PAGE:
Children’s lockdown LEGO creations transformed into a 13ft/4m globe
Billund, October 6th, 2020: When the world paused due to the recent lockdown it didn’t put a stop to the creativity and resilience of children. Now, to celebrate the endless imagination and unique ingenuity that kids possess, the LEGO Group has unveiled an awe-inspiring installation – a 13ft globe – which showcases creations from around the world.
The globe, which is on display at LEGO House in Billund, Denmark, took 2,700 hours to build and uses over 350,000 LEGO® bricks and elements. With LEGO creations sent in from all over the world, the globe acts as a joyful symbol of hope and positivity. Kids used their powerful imaginations to make sense of the world, and now the LEGO Group is giving us the opportunity to see the world through their eyes.
Children’s creations are displayed in five categories – nature, vehicles, fantasy creatures, objects and places. Examples include:
- Farming Hope – a sustainably powered farm with crops, a stream and an ever-present rainbow of positivity
- Mobile Corn Man – fancy some vitamins? This veg patch on the move provides kids with instant carrots and corn deliveries
- Magical Owlicorn – a mysterious, blue horned creature... who knows what mystical powers he possesses?!
- Dream Hospital Treehouse – bringing joy to children in hospital, this room in the treetop canopy even has a built-in doughnut bar
And it’s not too late to be part of the process. Families worldwide can contribute their own LEGO creations on a digital version of the globe by submitting them at lego.com/rebuild-the-world. People can also explore the stories behind some of the builds on the website, including amusing insights into kids’ creative process.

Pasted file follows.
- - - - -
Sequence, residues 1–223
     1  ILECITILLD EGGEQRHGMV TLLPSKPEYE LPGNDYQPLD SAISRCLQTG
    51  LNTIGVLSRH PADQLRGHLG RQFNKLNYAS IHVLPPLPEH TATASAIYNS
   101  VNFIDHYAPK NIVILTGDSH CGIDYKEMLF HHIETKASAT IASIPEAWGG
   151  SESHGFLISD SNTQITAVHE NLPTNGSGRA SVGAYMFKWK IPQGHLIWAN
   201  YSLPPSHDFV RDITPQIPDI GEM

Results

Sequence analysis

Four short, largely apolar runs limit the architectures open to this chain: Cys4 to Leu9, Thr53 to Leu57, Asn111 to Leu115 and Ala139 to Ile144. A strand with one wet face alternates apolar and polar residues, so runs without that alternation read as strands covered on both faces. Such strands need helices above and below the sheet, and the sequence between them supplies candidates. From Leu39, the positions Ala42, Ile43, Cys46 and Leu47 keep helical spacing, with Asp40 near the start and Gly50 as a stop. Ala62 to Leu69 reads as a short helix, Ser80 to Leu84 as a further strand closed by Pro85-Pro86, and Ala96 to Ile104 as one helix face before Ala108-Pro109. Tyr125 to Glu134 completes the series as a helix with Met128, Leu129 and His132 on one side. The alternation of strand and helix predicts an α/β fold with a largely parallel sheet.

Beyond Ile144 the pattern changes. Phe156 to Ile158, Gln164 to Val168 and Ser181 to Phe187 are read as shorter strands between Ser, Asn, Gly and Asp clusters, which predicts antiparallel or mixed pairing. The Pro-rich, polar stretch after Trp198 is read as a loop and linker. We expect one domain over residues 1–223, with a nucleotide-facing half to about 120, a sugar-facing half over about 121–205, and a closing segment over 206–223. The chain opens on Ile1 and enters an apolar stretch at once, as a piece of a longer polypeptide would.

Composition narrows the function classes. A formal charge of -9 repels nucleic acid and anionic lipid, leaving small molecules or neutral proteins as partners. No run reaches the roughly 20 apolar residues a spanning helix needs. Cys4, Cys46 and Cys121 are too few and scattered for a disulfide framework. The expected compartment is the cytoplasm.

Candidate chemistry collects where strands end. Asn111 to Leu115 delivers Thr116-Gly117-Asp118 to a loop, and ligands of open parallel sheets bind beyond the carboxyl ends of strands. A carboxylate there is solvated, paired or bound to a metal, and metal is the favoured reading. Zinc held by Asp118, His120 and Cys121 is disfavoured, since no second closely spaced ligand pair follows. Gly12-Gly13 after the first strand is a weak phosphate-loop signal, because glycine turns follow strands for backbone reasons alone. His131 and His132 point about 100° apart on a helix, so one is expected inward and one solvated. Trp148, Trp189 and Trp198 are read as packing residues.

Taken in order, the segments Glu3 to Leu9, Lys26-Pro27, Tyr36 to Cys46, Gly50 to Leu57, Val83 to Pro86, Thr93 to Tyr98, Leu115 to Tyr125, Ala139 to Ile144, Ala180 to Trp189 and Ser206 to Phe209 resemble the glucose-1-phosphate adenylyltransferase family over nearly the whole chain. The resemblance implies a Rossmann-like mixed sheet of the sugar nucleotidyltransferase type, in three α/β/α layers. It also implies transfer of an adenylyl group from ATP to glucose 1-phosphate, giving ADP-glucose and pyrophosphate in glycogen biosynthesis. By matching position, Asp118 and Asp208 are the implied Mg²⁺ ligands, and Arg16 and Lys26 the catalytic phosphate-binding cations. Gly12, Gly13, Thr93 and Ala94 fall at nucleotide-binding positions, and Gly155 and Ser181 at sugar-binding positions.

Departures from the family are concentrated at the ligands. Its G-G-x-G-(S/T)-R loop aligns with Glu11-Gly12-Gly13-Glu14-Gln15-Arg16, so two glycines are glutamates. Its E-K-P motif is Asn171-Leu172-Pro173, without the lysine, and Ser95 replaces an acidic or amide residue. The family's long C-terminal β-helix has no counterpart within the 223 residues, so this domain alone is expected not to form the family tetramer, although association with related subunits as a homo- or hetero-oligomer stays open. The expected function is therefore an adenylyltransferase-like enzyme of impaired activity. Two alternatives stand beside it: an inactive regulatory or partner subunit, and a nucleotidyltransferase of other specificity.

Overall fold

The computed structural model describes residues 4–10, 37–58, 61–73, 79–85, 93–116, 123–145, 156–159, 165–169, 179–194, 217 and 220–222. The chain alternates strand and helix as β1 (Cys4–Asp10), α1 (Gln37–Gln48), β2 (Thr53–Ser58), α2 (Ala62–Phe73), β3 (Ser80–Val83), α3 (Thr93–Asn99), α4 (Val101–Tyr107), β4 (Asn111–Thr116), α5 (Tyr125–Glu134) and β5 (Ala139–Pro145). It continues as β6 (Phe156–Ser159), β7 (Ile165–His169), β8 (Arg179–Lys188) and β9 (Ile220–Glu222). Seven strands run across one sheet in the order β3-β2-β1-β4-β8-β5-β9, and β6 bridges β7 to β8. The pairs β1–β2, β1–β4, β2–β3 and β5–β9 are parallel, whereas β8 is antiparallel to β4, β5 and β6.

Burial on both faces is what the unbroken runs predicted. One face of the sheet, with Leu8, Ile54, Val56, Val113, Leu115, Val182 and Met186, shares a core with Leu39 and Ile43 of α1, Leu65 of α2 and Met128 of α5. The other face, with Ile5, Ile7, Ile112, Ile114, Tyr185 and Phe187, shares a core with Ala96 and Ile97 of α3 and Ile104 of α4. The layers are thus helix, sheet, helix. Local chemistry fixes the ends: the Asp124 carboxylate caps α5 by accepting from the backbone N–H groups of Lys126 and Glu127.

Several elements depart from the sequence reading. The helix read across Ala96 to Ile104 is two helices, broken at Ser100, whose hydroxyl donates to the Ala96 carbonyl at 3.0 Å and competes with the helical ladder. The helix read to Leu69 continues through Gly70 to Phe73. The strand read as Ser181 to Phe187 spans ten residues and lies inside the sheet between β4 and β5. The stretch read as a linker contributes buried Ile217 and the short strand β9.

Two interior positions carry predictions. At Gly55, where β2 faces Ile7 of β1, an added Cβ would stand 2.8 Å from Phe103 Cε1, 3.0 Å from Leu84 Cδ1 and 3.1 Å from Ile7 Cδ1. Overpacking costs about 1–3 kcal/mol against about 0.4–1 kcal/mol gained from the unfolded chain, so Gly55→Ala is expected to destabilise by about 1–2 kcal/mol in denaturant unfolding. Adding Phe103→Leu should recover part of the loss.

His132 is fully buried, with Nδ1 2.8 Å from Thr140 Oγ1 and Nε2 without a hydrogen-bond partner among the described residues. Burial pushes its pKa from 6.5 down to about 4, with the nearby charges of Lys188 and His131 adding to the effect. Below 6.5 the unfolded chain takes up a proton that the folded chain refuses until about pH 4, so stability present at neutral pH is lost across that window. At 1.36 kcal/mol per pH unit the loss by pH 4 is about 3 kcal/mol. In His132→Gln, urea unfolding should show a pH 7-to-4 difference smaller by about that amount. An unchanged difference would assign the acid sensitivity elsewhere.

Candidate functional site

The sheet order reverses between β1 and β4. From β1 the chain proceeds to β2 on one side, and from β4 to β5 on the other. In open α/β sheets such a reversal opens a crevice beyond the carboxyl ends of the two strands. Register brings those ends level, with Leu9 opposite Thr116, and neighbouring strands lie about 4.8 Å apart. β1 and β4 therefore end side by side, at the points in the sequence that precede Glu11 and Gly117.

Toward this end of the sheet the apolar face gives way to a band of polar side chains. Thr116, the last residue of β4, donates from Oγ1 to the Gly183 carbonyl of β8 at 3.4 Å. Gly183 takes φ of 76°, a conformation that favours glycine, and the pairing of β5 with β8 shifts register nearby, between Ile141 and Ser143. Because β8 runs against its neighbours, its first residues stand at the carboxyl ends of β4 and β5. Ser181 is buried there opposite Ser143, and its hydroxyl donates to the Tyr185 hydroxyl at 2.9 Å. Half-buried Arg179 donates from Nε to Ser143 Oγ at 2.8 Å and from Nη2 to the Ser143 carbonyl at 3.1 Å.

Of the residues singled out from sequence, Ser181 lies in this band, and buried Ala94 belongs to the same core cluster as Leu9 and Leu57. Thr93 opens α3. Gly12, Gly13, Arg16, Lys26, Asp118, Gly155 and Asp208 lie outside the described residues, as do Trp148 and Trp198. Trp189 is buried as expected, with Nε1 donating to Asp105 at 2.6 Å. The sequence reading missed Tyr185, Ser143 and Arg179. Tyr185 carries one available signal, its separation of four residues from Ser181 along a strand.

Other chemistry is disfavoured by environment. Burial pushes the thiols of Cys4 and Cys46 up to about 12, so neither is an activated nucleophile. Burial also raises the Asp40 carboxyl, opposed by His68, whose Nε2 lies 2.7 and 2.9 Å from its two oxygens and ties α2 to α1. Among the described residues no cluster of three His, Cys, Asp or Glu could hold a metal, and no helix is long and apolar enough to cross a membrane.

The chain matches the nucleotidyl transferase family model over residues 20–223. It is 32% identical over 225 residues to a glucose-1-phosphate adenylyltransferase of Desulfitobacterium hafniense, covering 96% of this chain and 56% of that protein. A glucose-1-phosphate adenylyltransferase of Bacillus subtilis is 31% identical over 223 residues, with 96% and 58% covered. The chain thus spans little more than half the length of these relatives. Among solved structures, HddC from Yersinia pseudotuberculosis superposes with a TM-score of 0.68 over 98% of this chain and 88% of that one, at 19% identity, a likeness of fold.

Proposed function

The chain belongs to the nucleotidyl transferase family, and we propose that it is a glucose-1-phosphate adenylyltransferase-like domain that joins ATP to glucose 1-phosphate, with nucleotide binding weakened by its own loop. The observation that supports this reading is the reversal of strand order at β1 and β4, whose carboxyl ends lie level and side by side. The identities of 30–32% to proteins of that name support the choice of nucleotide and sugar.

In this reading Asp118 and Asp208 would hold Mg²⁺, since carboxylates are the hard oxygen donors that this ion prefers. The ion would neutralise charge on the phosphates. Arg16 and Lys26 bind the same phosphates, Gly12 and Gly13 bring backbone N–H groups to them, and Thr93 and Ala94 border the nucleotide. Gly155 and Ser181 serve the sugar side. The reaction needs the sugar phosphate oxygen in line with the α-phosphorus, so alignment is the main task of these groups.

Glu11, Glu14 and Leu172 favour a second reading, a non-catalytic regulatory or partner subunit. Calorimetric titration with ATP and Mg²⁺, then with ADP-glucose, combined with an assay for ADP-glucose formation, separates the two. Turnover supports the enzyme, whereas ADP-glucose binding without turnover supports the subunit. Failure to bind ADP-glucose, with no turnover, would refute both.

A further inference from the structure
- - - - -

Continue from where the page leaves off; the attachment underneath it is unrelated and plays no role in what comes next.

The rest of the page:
New research from the LEGO Group shows that children want more family playtime(1) and parents saw play as providing a vital role in keeping the whole family entertained during the COVID-19 pandemic(2). 94% of parents globally also believe that play helps develop creative skills(3), with resilience viewed as one of the most important skills for kids to learn for their future success(4).
Julia Goldin, Chief Marketing Officer, EVP, the LEGO Group, said: ‘The LEGO System in Play has long been the ultimate platform for playful expression, unlocking kids’ endless creativity and inspiring a constant cycle of building, unbuilding and rebuilding. We are delighted about the positive impact LEGO play had on kids’ creativity and families’ wellbeing this year and we hope the world is as inspired by their lockdown creations as we are.”
Libor Udržal, LEGO Model Specialist, who was involved with the creation of the installation, said: “This project really emphasised the magic of LEGO play for me. It has been inspiring to recreate children’s creations and hear the diverse thought processes and influences behind each piece we’ve re-built. I’ve been a Model Builder for 20 years now and yet they’ve taught me new methods of building, their creativity knows no end!”
The installation will be showcased at LEGO House from 6th October to 6th November.
About the LEGO Play Global Study 2020
A global study on play by the LEGO Group, building on the 2018 LEGO Play Well Report findings, which presents parent and child perceptions on the benefits of family play, children's play preferences, future-oriented skills and learning through play. All findings from the report, unless otherwise referenced, were gathered from a total of 18,117 parents, and 12,591 children aged 5 -12 through a 20 minute online quantitative survey conducted across 18 markets (Australia and New Zealand, Brazil, Canada, China Mainland, Denmark, France, Germany, Hong Kong, Mexico, Romania, Russia, South Africa, South Korea, Spain, Taiwan, United Kingdom, Ukraine and United States of America) between May and June 2020.
 95% of children wish they played more often as a family, according to the LEGO Play Well Global Study 2020
 91% of parents say that play is important to help the whole family stay entertained, according to the LEGO Play Well Global Study 2020
 94% of parents say that play helps develop creative skills, according to the LEGO Play Well Global Study 2020
 40% of parents think that resilience is one of the most important skills for their child’s future success and wellbeing, according to the LEGO Play Well Global Study 2020